Peering through the slats she searched out the shadows. They seemed to be everywhere now. All around her. They felt threatening. But she couldn’t make out for certain exactly where or what they were. She couldn’t make out a definite outline. But she knew they were there. Taunting her, jeering at her. They felt deathly and heavy and she was sure she could hear them whisper. There was definite danger. It was imminent. She felt sick.
She took a deep breath and walked down the stairs. Her mum was in the kitchen. She was glad she was safe. The kitchen felt brighter and smelt of toast. Her mum had the round ends of the toast and her dad had the square ends. Lucy liked her toast to be light. But it wasn’t quite light enough today. She rejected half a slice pulling her nose into a sneer and pushing away her plate. It wasn’t quite the toast she loved.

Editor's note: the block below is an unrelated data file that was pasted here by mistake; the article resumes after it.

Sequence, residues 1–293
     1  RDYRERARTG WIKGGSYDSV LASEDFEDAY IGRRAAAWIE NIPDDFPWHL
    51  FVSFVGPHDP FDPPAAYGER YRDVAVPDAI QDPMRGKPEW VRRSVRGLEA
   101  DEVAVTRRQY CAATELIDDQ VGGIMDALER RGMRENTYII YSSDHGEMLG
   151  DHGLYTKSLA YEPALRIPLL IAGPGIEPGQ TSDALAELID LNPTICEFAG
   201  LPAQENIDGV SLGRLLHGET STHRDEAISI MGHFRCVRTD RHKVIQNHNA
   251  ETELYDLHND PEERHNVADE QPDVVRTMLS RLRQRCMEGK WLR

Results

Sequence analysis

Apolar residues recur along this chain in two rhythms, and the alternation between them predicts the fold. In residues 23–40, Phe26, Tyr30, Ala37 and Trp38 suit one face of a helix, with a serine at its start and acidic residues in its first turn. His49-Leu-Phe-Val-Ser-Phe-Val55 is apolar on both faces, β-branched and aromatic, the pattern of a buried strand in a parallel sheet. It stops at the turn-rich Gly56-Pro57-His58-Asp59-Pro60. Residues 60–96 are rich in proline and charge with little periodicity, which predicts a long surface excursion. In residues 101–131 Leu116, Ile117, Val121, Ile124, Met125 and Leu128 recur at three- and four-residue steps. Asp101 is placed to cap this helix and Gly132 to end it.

She walked into the lounge and felt a little tap on her shoulder. She turned in shock. In horror. Had it followed her down the stairs? Her mum was behind her.
‘Did you see that?’ she gasped.
‘Yes I did.’ said her mum with a smile. ‘It was Mighty Mouse’.
Oh wow! Mighty Mouse. She KNEW he had to be real. He was her favourite ever mouse. She liked Danger Mouse, Mickey and Minnie were fun and she thought Jerry was a hoot. But Mighty Mouse was THE BEST MOUSE.
She couldn’t sit still. She felt another tap on her shoulder.
‘Mum, mum, Mighty Mouse just tapped me again’.
‘Yes he did’ said her mum.